Despite the potential for a speedy recovery, there are still risks. “For embolization particles, there’s a risk of infection after embolization, even if an antibiotic is given, and embolic agents can lodge in the wrong place and deprive normal tissue of oxygen supply,” said Hicks. 

According to a GlobalData report, the number of Embolization Particle Procedures to treat Uterine Fibroids in the United States was 18,736 in 2022 and it is forecast to drop to 14,694 in 2030. This drop could possibly be attributed to the emergence of new devices that offer non invasive treatments. 

The Acessa procedure is another none invasive treatment which has become more favourable among patients allowing them to return to daily life quicker. Chesnokova believes the benefits from this treatment make it stand out compared to other treatment modalities. She said: “Unlike traditional surgical approaches like hysterectomy, Acessa is a minimally invasive procedure that targets and destroys fibroid tissue while preserving the uterus. This key advantage makes it an excellent option for women who wish to retain their fertility. Additionally, Acessa offers a quicker recovery time compared to more invasive procedures, allowing women to resume their daily activities sooner. With its precise radiofrequency energy application, Acessa effectively reduces fibroid symptoms.” 

Although there are various treatments available, hysterectomy is the most effective in eliminating fibroids, but it is invasive and not suitable for fertility preservation. 

Hicks suggests that the surgical treatment market for uterine fibroids is growing. “Most of these devices aren’t seeing rapid growth like we see in some emerging markets, but they remain an important tool for uterine fibroids treatment and as such we will likely not see any significant decline in market value.” 

The medication route 

Medication remains a viable treatment option for women seeking to manage uterine fibroids. George Kramb, CEO of PatientPartner listed several drugs used in the treatment of uterine fibroids to reduce symptoms. They include over the counter medications like ibuprofen, naproxen and non-steroidal anti-inflammatory drugs (NSAIDs) which provide temporary relief from fibroid-related pain. 

Oral contraceptives, can help regulate the menstrual cycle, reduce heavy bleeding, and alleviate symptoms. Gonadotropin-releasing hormone (GnRH) agonists, though temporary in their effects, can shrink fibroids by inducing a state like menopause. GnRH agonists are normally used in combination with surgery reducing the size of fibroids before the operation. Even with the temporary relief there are side effects that patients should be aware of. Hormonal therapies can cause mood swings, weight gain, and hot flashes, while GnRH agonists can lead to bone density loss if used for an extended period.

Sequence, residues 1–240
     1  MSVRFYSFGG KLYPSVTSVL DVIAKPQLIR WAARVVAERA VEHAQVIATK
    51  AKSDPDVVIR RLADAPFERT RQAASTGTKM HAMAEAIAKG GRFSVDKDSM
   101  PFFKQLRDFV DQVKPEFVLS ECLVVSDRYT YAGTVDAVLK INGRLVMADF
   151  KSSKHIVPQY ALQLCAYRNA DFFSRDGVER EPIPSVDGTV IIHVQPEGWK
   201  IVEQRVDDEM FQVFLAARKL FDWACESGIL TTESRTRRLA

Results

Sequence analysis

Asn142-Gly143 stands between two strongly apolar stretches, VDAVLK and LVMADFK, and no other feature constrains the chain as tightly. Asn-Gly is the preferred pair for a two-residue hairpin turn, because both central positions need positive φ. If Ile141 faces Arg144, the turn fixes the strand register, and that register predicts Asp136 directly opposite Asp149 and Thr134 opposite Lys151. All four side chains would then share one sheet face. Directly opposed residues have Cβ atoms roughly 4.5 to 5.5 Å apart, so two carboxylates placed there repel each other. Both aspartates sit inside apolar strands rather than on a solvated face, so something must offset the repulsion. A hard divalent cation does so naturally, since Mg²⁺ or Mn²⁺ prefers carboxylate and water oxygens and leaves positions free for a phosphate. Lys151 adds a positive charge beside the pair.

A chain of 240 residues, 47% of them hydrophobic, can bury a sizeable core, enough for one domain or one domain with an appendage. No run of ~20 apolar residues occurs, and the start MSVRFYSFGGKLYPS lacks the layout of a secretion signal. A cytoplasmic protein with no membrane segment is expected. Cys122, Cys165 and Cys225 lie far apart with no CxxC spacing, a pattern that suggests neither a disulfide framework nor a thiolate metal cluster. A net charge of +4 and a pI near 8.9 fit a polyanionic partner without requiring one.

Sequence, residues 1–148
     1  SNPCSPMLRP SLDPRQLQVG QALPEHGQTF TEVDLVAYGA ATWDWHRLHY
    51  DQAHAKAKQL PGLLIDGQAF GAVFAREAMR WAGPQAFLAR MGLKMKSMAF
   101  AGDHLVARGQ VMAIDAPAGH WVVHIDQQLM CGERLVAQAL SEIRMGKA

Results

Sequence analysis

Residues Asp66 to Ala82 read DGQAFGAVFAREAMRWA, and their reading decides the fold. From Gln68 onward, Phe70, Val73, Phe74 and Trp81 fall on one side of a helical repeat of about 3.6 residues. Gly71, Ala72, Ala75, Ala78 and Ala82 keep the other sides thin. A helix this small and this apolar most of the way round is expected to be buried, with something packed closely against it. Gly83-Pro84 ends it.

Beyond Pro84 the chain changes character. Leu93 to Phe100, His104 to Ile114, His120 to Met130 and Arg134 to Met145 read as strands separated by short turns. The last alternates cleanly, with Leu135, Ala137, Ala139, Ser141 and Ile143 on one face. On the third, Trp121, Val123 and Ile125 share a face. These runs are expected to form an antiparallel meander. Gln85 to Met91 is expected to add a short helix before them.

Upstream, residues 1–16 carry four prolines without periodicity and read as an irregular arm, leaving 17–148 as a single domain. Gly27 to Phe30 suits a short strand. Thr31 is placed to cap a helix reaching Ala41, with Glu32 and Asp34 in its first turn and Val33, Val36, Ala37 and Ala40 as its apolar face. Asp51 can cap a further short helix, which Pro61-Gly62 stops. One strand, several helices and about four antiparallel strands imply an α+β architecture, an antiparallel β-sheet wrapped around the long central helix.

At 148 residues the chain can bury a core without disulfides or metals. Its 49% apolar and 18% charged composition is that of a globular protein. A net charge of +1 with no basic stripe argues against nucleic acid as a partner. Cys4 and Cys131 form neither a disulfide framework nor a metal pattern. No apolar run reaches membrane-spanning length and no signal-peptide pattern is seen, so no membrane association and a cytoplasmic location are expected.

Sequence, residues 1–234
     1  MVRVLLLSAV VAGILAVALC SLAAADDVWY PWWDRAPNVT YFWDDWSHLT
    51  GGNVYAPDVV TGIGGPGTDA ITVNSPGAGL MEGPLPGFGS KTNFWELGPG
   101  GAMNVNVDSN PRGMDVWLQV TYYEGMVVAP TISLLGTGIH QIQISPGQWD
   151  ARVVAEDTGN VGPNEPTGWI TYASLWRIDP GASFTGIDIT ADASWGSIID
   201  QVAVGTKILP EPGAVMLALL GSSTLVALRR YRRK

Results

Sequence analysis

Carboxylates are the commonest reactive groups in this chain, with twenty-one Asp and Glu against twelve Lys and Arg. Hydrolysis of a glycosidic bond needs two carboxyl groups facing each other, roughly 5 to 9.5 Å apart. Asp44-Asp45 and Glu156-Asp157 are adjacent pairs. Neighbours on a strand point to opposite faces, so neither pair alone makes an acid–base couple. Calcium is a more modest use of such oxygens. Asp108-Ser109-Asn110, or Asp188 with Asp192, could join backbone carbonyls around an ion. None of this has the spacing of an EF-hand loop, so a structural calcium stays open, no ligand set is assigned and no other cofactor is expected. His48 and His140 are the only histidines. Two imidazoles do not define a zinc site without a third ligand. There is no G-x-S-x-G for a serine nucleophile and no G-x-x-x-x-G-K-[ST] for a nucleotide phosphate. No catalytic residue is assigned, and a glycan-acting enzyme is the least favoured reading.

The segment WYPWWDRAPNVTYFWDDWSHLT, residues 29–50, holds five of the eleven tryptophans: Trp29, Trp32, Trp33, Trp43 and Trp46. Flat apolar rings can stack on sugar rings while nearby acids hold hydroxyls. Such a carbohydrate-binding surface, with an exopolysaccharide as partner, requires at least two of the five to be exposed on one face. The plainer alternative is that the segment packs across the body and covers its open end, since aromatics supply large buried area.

In August 2022 the US Food and Drug Administration (FDA) granted approval for a new drug called Myfembree, which falls into the same category of other GnRH therapies.  Kramb said: “This is the first and only FDA-approved once-daily pill proven to notably reduce heavy periods from uterine fibroids in premenopausal women. Myfembree has been shown to reduce menstrual pain and non-menstrual pelvic pain in premenopausal women with endometriosis.” 

He added: “Although pharmaceuticals are widely used by women diagnosed with uterine fibroids, it’s important to note that medication is typically used for managing symptoms or as a temporary measure. Drugs do not eliminate fibroids; they provide relief by reducing symptoms, such as heavy bleeding and pain.” 

Despite the availability of surgical options and medication, there is still a need for increased awareness about uterine fibroids and the potential treatment options. Many women continue to suffer in silence, unaware of the alternatives available to them. Organisations dedicated to women’s health and medical professionals are working to bridge this knowledge gap, emphasising the importance of early detection and intervention. 

In comparison to pharmaceutical treatments Hicks said surgical options are more favourable for severe cases of uterine fibroids, as the medications may not always sufficiently reduce the fibroids or simply over induce the side effects. 

Kramb said: “The choice of medication or treatment depends on various factors, including the patient’s specific symptoms, desired fertility, and overall health. It is always best to consult with a healthcare professional to determine the most appropriate treatment approach for individual cases.” 

By raising awareness, promoting research, and providing comprehensive support, women can be empowered to make informed decisions and improve their quality of life in the face of uterine fibroids.